Review: The Guest (2014)

This one comes from the team behind V/H/S and You’re Next, director Adam Wingard and writer Simon Barrett. When a soldier arrives at your door and tells you that he knew your recently deceased son in combat, would you invite him into your home? Well the Peterson family would and though at first his presence seems entirely helpful, things start to change when the occurrence of strange deaths question what’s really going on. Starring Dan Stevens, Maika Munroe, Brendan Meyer, Shiela Kelley, Leland Orser and Lance Reddick.

To any fans of Downton Abbey Stevens’ role in this film will seem entirely strange, which is actually quite apt but to those who are unfamiliar, the choice will feel rather fitting. Stevens definitely has the ability to evoke that reaction of discomfort or suspicion which is necessary in a character that is entirely untrustworthy, but at times it feels overly obvious what is trying to be accomplished, pushing the idea of a cold, hard stare a little too much to become slightly over dramatic, without the accompanying intensity to make it affective. His overall performance is good and a lot of the lower moments feel more related to the tone of the film itself rather than any acting issues. The supporting characters and children of the Peterson family Maika Munroe as Anna and Brendan Meyer as Luke both do well and give performances that are quite convincing and manage to avoid the trap Stevens found himself in of being overly dramatic.

The front of the DVD uses a quote from a review “The Bourne Identity crossed with The Terminator”, now that could either be explained simply as marketing to get more people to buy the film or in actual agreement, neither is a particularly good option and the film certainly has nothing to do with Bourne but could very vaguely resemble parts of Terminator; but it does go very well with the fact the film feels slightly confused about what it should be. The set up and general idea for the film make it appear dark and sinister and if they had gone down that route they could have made a film reminiscent of their previous great film You’re Next but they don’t, instead it is more of a delayed start to what is essentially a hybrid 1980’s/2010’s action film. If you go into this expecting something ominous and disturbing you are less likely to actually enjoy it but if you expect a film akin to an indie action film it will work much better because that’s what you’re going to get. The 80s soundtrack works really well with the way several scenes are directed that do have an also general 80s aesthetic to them, although the downside of that means it makes some of the fight scenes feel less real or gritty. The story itself is done fairly well and for the most part it works but towards the end it could be considered unsatisfying as a plot or that the choices made are predictable, as an 80s action film also would be. After all the build up it’s also missing much of a big reveal that would help to make it a more satisfying watch towards the end.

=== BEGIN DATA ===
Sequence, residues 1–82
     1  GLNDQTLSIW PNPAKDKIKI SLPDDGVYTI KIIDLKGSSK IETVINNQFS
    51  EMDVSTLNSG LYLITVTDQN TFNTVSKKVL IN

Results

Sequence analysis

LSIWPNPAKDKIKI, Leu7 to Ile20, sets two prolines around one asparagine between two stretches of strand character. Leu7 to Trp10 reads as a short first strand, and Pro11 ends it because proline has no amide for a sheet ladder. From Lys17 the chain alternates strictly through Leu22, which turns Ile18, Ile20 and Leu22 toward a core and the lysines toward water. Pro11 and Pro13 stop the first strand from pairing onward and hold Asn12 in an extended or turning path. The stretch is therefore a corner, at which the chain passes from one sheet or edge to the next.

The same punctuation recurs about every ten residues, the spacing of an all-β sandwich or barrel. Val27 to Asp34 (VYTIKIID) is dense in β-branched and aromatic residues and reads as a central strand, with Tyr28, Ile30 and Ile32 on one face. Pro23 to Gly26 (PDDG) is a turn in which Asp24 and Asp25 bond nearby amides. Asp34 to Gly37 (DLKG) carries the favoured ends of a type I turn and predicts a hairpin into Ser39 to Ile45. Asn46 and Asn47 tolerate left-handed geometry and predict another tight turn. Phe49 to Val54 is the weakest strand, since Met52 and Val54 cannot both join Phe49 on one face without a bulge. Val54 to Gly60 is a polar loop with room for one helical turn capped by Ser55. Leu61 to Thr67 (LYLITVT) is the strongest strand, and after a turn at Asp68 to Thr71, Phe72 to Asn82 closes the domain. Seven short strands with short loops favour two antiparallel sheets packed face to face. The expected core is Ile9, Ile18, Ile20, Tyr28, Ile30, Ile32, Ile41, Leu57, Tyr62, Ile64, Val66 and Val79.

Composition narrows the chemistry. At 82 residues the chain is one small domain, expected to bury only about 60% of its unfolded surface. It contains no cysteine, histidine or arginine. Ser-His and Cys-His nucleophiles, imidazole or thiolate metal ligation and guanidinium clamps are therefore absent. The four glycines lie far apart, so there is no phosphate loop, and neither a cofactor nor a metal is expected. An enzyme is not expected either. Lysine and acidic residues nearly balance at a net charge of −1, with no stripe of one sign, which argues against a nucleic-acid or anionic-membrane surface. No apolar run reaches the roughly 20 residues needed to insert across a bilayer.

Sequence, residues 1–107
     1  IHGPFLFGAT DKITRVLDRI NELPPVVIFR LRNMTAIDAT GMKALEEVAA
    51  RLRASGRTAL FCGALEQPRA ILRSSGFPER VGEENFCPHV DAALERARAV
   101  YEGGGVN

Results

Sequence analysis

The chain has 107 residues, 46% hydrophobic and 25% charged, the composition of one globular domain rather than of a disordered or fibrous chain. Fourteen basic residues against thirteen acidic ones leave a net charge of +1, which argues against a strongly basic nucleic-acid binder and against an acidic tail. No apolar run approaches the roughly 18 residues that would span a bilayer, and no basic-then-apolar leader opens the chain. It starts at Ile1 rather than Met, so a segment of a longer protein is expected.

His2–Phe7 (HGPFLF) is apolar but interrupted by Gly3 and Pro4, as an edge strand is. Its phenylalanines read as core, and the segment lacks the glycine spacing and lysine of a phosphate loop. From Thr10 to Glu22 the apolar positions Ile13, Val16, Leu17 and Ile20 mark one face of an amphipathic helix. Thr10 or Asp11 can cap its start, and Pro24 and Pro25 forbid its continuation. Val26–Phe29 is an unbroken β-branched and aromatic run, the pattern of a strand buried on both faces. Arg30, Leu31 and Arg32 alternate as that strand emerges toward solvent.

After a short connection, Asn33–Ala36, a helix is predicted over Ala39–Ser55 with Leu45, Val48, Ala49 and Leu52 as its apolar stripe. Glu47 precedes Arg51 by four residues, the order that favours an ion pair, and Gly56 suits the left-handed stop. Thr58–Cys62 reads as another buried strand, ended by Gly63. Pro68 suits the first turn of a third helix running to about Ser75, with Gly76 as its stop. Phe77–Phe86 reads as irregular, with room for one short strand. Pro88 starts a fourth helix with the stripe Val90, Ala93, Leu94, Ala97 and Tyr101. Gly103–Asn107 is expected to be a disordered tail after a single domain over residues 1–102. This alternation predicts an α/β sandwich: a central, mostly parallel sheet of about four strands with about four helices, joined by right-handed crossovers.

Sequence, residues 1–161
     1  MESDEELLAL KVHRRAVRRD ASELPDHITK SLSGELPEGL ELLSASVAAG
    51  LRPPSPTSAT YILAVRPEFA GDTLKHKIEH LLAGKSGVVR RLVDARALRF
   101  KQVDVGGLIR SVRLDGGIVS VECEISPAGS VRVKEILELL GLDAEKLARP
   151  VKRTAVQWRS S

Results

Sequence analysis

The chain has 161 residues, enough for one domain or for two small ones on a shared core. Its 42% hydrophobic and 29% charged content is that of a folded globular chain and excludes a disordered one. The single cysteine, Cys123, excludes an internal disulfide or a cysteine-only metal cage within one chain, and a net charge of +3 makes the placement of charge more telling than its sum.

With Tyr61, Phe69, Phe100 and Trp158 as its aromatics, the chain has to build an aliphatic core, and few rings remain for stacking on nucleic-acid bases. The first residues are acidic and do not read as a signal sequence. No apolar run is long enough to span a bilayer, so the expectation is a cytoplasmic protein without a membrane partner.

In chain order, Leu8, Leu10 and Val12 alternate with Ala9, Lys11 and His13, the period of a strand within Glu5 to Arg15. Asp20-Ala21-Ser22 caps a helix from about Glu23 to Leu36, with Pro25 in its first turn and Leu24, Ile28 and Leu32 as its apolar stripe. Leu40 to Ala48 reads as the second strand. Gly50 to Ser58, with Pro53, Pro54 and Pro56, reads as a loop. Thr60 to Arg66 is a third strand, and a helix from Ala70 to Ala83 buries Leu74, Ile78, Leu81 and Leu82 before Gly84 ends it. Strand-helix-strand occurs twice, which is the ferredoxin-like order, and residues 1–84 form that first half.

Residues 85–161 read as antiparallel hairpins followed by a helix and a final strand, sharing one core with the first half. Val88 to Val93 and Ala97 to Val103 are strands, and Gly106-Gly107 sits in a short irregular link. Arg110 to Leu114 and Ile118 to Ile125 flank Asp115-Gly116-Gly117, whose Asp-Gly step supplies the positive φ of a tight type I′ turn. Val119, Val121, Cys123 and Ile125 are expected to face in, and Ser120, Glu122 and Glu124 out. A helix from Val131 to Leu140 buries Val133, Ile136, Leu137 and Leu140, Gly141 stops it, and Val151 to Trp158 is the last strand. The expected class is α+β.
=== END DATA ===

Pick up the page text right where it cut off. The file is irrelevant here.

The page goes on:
The film-makers here have taken what could have been a very dark and menacing film and used that to make a different kind of action film than you’ve seen before, that in itself is not a bad thing but the result isn’t inherently clever enough to make it something really unique. The film isn’t bad, in fact it’s a fairly good watch but feels slightly hollow and other than some tension and a fair amount of action there isn’t much to offer, without a complicated or surprising plot it’s missing much depth. The direction that could have been taken with this film may have actually made something more interesting and captivating to watch but in itself it is still new and different and worth giving a chance.

Verdict: 6/10

Leave a Reply

Fill in your details below or click an icon to log in: Logo

You are commenting using your account. Log Out /  Change )

Twitter picture

You are commenting using your Twitter account. Log Out /  Change )

Facebook photo

You are commenting using your Facebook account. Log Out /  Change )

Connecting to %s